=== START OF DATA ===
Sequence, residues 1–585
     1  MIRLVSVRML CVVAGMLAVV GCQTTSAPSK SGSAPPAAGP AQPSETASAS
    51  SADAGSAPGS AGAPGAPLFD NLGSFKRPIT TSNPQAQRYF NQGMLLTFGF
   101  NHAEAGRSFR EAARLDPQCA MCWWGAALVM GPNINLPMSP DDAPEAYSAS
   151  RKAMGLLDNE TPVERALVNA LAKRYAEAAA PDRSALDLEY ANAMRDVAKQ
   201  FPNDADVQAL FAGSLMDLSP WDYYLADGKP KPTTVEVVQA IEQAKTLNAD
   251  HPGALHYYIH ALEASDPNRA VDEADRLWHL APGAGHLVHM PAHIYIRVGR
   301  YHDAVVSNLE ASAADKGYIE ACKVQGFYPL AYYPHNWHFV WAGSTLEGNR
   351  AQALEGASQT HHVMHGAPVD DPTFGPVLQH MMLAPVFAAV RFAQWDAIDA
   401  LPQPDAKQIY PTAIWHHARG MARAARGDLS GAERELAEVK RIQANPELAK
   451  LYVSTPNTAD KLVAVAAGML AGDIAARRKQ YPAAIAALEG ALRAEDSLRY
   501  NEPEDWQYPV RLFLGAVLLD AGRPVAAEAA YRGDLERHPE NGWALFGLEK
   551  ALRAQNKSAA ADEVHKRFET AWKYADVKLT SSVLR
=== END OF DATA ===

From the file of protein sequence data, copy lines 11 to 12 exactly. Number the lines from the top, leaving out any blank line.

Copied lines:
   451  LYVSTPNTAD KLVAVAAGML AGDIAARRKQ YPAAIAALEG ALRAEDSLRY
   501  NEPEDWQYPV RLFLGAVLLD AGRPVAAEAA YRGDLERHPE NGWALFGLEK